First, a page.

Re: And how sharp I am was/Re: Temperaprint & Gum

From: Shannon Stoney ^lt;[email protected]>
Date: 01/30/04-01:14:05 PM Z
Message-id: <>

>From what I understand about the history of photography, 20 or 30 years ago
there was a reaction against the modernist f64 super sharpness obsession and
the general modernist elevation of craft in general (including making
photographs archival). I think that is where Judy is coming from, ie the
postmodern position (of the 70s) that photographs don't have to be sharp and
archival. But nowadays, the pendulum seems to have swung back the other
way. I saw a show of Joel Sternfeld's landscape photographs in a gallery in
NYC last week. They were SHARP! And that's what made them good. They were
also huge, and color.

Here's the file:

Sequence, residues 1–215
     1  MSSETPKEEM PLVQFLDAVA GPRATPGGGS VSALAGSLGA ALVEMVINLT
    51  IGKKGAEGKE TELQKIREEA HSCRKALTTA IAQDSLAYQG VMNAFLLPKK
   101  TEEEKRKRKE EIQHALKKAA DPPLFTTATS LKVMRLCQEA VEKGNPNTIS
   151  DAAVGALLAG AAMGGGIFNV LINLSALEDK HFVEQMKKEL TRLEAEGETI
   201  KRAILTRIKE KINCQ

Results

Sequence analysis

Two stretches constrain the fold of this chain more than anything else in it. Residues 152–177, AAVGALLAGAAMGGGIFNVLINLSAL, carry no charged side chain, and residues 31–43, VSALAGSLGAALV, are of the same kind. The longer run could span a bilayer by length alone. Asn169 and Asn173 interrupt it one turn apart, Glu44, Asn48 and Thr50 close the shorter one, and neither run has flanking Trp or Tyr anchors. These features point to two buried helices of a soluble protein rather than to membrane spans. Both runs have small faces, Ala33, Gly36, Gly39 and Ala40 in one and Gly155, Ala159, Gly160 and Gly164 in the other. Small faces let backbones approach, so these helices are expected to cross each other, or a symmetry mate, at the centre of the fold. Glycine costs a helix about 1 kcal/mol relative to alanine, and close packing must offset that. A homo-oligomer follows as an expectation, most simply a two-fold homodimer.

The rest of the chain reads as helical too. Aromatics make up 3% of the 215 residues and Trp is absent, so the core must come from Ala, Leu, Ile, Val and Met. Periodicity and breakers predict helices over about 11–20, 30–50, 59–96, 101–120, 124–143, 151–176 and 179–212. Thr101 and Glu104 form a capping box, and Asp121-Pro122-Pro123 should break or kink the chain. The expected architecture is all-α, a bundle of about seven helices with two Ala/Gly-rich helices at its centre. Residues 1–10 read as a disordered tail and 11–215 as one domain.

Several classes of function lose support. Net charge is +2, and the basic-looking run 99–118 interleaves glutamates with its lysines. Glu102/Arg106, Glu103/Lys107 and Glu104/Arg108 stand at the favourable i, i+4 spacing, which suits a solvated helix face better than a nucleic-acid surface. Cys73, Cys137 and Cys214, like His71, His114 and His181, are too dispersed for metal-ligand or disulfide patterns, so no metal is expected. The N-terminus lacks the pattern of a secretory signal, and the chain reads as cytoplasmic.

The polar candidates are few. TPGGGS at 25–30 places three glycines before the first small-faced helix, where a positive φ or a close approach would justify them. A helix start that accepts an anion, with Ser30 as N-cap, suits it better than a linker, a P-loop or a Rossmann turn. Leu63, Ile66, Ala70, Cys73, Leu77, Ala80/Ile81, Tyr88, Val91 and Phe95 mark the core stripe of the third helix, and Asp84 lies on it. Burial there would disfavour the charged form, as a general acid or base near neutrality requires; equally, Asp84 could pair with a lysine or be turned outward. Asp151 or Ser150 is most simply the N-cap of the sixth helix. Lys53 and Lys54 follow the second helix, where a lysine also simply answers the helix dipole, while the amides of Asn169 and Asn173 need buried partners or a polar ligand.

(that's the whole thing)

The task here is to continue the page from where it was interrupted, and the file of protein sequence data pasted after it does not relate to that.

I also saw in NYC another show of large color landscape photographs--again,
everything very sharp--taken in China where the Three Gorges Dam is going to
destroy some towns.

It seems that there is a trend right now in landscape photography toward
large format (8x10 negative?) color photographs, probably shot at f64 with a
long exposure, then scanned and printed on one of those light jet printers.
I love these huge, color, super sharp prints, and I wish I could afford to
make one. Maybe I will look into the prices. Anyway, part of the appeal
to me is the super sharpness. It's sharper than the eye can see, almost
surrealistically or hyper-realistically sharp.

I wonder if the light jet prints are more archival than the old C prints? If
you are going to spend that kind of money making them or collecting them,
you want them to last.

Also, this trend makes me think that if you are old-fashioned enough,
eventually you will come back into style. So, don't worry Judy: poorly
crafted, fuzzy photographs will probably be all the rage in say 20 years or

Received on Sat Jan 31 11:13:59 2004

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